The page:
Rebecca S. Bruning, Jessica D. Dahmus, W. Larry Kenney, Lacy M. Alexander, 2013, Medicine and Science in Sports and Exercise on p. 674-682

Caroline J. Smith, W. Larry Kenney, Lacy M. Alexander, 2013, American Journal of Physiology on p. R566-R573

William Kenney, Anna E. Stanhewicz, Rebecca S. Bruning, L.M. Alexander , Lacy M. Alexander, 2013, European Journal of Applied Physiology on p. 467-479

News Articles Featuring W. Larry Kenney

Sweating keeps you cool, but climate change is making it harder

Our bodies couldn't endure the summer heat without sweating. But as the climate gets hotter, sweat isn't cooling us off like it used to.

Hot and getting hotter – 5 essential reads on high temps and human bodies

Launching the National Integrated Heat Health Information System (NIHHIS) and the heat.gov site on July 26, 2022, the Biden administration cited heat waves and the warming climate as serious health threats.

Why you need to worry about the ‘wet-bulb temperature’

Scientists think we need to pay attention to a measure of heat and humidity – and it’s edging closer to the limits of human survivability

Will Hot Drinks Keep You Cool on Hot Days?

Or is the idea an old wives' tale?

Unprecedented Heat And Stressed Grids Make Dangerous Power Outages Increasingly Likely

The electric bill Chantel Watkins pays every month costs more than a week of groceries for her family of four. Yet at any given moment, the power might flicker off, setting in motion a series of expensive and potentially deadly events.

Why Extreme Heat Is So Bad for the Human Body

Blistering temperatures aren’t just uncomfortable. They can quickly escalate to become life-threatening: According to data from U.S. Centers for Disease Control and Prevention researchers, more than 700 people nationwide died from heat-related causes annually from 2004 to 2018.

Equilibrium/Sustainability — Wind farm targets picturesque Spanish seascape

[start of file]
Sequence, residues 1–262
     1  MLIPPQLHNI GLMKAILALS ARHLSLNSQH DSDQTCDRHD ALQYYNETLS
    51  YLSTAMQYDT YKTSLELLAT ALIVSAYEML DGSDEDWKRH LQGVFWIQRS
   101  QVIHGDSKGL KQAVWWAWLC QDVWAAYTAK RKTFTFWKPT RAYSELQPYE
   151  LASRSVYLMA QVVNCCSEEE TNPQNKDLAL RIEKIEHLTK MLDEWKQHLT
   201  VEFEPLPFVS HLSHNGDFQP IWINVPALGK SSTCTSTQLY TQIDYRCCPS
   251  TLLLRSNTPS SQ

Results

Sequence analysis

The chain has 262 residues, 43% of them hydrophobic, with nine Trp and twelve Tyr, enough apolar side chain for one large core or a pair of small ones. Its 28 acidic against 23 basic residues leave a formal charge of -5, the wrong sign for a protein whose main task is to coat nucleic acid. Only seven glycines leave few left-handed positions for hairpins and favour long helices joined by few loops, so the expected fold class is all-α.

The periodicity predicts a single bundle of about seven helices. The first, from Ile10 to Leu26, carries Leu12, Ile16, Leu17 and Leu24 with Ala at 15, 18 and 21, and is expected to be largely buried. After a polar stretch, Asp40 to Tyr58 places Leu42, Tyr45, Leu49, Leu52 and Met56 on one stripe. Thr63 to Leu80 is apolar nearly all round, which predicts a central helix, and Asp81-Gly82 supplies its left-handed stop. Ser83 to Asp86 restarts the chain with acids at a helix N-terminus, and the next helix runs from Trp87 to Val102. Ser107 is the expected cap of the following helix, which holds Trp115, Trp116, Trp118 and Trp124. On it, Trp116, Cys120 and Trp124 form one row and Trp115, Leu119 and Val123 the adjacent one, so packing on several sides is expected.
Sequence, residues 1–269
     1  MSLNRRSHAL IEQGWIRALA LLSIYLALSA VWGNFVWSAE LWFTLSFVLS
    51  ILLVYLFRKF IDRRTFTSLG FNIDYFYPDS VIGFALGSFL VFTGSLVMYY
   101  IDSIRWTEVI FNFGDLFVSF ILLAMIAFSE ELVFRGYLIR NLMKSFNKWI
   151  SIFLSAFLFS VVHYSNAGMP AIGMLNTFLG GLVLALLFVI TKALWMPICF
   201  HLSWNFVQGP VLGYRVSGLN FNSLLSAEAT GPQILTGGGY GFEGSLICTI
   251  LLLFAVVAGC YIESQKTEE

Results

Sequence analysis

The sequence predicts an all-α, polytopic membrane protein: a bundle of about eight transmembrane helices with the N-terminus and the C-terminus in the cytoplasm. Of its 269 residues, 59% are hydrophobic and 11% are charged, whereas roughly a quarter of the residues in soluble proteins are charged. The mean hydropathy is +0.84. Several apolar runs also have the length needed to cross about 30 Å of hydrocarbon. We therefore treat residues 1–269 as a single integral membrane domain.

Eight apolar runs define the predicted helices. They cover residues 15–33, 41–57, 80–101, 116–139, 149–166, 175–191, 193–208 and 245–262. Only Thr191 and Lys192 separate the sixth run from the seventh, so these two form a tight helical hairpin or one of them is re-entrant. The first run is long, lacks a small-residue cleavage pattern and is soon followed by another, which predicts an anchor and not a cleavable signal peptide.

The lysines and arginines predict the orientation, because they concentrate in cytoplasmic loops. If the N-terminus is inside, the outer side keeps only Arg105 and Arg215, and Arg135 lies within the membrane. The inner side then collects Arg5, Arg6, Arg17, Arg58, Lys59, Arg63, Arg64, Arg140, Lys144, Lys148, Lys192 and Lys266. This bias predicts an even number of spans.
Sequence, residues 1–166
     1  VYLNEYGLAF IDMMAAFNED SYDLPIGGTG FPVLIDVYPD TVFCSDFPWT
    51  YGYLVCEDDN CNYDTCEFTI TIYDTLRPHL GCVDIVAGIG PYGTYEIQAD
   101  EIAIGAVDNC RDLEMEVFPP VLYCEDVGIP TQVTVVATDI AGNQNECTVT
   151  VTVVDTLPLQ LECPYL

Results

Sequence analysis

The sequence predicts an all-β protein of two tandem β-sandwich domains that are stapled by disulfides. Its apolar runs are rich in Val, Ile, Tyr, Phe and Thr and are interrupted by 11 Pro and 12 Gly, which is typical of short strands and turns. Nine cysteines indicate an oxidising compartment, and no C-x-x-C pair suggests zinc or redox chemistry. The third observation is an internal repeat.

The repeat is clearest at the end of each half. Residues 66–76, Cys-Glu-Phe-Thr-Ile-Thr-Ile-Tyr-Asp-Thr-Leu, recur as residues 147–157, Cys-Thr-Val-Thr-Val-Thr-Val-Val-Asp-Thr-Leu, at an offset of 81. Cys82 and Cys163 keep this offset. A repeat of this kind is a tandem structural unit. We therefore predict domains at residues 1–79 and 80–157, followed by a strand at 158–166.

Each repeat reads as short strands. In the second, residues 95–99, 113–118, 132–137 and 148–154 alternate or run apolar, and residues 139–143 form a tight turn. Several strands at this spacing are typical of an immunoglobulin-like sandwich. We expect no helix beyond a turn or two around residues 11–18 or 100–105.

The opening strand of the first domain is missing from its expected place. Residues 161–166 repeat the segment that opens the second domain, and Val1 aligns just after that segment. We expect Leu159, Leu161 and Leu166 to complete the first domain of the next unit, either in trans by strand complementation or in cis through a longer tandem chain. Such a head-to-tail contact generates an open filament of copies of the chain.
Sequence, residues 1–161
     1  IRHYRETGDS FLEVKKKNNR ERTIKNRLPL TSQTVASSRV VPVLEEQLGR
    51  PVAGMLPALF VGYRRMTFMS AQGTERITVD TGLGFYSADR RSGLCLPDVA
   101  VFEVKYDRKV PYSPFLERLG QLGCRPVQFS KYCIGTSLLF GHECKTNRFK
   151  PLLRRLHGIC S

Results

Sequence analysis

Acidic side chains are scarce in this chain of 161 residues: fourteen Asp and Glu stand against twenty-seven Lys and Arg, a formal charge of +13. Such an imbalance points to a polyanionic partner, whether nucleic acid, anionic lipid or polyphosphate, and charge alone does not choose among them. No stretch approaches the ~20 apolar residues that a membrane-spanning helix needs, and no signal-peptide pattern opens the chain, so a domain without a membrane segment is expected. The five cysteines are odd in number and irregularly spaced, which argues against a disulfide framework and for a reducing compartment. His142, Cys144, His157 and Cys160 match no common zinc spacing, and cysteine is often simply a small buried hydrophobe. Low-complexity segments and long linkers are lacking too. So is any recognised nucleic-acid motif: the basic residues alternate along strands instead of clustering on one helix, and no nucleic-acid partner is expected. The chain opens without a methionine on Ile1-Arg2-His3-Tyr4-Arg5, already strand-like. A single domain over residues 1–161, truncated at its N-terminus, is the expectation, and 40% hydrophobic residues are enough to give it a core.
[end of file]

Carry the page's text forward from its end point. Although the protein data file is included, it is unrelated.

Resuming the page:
The jagged Mediterranean shores from which Salvador Dalí produced some of his most celebrated work may soon become host to a disputed wind farm. Spanish government officials are preparing to approve the construction of a massive floating wind farm offshore of Port Lligat, a town about 100 miles north of Barcelona, The New York Times reported.

Why 100-degree heat is so dangerous in the United Kingdom

This week, it was hotter than ever in the United Kingdom. On Tuesday, parts of England hit a temperature above 40 degrees Celsius – or 104 degrees Fahrenheit — a first in the U.K.'s recorded history.

Young, healthy adults are vulnerable to high heat and humidity, too, Penn State study finds

The sun is blazing. The temperature is rising. You’re soaked with sweat. Ugh. But is it more than a matter of discomfort? Researchers at Pennsylvania State University are finding out that we humans can’t withstand as much heat and humidity as once thought.

How hot is too hot for humans? The answer depends on more than the temperature.

Heat waves are becoming supercharged as the climate changes — lasting longer, becoming more frequent, and getting just plain hotter. One question a lot of people are asking is: “When will it get too hot for normal daily activity as we know it, even for young, healthy adults?”